- Can close in 1-2 weeks
- No need to make repairs
- Cash buyers won’t be held up by financing
- An experienced partner who knows how to sail through the process with the bank
There’s no just waiting and hoping, or having to gamble the last of your savings or credit on a buyer eventually coming through, or investing in fixing up your place. Qualified cash paying investors can close very quickly, will typically buy your home just as-is, and can work with your bank to make the sale happen. It’s the easiest, fastest, and surest way to avoid foreclosure, get cash, and get a fresh start.
In fact, selling to an investor is quite easy. Read more about how to sell a house fast in just 5 easy steps.
Foreclosure is never fun. It can be a very scary and stressful time. Unfortunately, it can, and invariably gets worse, the longer owners take to take action and secure a buyer for their properties. Every day means less time, more penalties, fewer options, and less cash back in your pocket. Exactly how long it will take for the bank to sell your home and evict you can vary widely.
In the pit of the crisis it could take more than a year. Today it can be a matter of a couple of months. There is no time to waste. Fortunately, there are cash buyers who can help.
If you are in foreclosure, are about to fall behind on payments, or are just struggling with other bills related to your home, contact us today. We have a nationwide directory of cash buyers and investors. We can put you directly in touch with those who can be of the best assistance to you, and will offer you the most money for your home, just as it is.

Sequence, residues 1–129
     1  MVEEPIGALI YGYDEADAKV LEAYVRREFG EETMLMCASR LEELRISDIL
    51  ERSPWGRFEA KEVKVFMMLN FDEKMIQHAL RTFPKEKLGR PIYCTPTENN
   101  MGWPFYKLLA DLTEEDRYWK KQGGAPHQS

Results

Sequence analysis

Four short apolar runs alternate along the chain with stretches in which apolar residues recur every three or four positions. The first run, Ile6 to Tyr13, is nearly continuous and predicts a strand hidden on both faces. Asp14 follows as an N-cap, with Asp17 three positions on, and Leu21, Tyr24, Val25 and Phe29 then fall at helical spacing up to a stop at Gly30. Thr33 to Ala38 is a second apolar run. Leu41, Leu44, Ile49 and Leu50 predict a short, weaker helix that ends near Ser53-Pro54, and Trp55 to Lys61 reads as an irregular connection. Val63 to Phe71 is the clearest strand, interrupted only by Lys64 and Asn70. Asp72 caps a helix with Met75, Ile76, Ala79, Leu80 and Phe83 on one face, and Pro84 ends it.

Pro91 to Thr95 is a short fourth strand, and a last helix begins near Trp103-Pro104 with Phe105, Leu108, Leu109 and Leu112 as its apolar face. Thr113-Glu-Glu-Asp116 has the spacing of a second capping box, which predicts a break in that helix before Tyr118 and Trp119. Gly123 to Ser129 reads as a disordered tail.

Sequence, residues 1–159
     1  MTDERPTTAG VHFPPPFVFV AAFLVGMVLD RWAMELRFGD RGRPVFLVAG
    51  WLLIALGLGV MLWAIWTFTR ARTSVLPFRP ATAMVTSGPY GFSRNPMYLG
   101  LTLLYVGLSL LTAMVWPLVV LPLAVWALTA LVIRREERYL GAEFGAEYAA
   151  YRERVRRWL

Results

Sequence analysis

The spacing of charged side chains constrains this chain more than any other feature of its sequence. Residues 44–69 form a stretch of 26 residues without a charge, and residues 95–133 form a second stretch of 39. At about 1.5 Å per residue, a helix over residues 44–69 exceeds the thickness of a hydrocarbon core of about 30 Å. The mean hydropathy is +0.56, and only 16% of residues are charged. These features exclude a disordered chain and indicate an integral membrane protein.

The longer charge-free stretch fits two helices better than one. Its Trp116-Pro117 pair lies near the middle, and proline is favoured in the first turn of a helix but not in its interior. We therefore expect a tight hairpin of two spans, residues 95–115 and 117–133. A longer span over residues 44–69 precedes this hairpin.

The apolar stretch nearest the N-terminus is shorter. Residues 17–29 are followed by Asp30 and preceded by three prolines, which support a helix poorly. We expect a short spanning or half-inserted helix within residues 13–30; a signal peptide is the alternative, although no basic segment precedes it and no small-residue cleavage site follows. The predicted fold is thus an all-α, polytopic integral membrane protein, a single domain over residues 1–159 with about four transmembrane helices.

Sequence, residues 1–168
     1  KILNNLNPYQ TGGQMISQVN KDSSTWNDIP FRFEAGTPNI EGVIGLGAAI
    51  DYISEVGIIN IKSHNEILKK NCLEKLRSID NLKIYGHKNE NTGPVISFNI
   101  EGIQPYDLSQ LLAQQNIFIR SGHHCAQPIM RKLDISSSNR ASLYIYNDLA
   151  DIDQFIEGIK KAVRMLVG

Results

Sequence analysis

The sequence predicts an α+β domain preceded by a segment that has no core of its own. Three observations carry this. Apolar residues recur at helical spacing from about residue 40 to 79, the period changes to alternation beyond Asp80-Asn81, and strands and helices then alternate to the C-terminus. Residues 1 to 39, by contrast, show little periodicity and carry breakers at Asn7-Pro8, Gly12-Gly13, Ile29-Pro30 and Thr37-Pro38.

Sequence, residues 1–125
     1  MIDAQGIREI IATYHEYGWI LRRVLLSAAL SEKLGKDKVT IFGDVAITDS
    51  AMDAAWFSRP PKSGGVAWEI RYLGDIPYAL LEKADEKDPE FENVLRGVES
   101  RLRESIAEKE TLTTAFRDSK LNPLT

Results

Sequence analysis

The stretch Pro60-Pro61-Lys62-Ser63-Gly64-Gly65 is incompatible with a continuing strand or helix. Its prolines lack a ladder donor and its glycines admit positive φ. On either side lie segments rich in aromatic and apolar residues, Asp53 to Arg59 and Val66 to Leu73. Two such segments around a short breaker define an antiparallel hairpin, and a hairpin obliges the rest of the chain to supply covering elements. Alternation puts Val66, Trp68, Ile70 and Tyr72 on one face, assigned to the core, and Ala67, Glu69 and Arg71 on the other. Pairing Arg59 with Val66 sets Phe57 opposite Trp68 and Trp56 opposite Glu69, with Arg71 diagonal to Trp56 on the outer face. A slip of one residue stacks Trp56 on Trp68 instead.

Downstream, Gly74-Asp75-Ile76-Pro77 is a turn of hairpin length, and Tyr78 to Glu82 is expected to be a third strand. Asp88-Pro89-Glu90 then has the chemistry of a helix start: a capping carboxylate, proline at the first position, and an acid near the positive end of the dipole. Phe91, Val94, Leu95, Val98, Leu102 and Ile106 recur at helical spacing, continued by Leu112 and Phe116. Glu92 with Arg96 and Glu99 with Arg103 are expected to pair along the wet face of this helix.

There is a brighter future just over the horizon. Just one call could make all the difference in being able to avoid foreclosure, and quickly bounce forward to better things. You deserve that chance. Help is waiting, if you take the easy step of reaching out, and taking advantage of it. Don’t become another victim of the system.
We have local home buyers all over the country who are ready to help with. Just search here for your buyer or fill out the contact form below and we’ll connect you.
Frequently Asked Questions
Q. Can I sell a house in foreclosure?
A. Yes. If you act quickly, and find a qualified buyer you can still sell.
Q. How long does it take to sell a house in foreclosure?
A. Selling to a buyer can take as little as a few days to two weeks.
Q. Can I still sell my house if it has no equity?
A. Yes. Even if you are upside down, underwater, and owe more on your mortgage than the home is worth, you can sell.
Q. Can you do a short sale while in foreclosure?
A. Regulations have dictated that lenders choose foreclosure or a short sale or loan modification. However, if you are already in foreclosure, a new buyer may be able to work directly with you bank and achieve a short sale.
Q. What if I already have an auction date?
A. Even if your property is already scheduled to go to foreclosure auction, you can sell, but time is of the essence. You must get help immediately.
Q. What is my home needs repairs?
A. With the right buyer, you will not need to make repairs or even clean your home. Some will buy it just as is.
Q. What if I have liens against my home?
A. Experienced buyer can help buy your home, even if you have HOA liens, property tax liens, and mechanics’ liens against your home or code violations.
Q. What can I do to ensure a faster sale?
A. The more information you can provide your seller and the closing agent, the faster they can close. Being able to provide your last mortgage statement, prior title policy, survey, and an old appraisal may all help.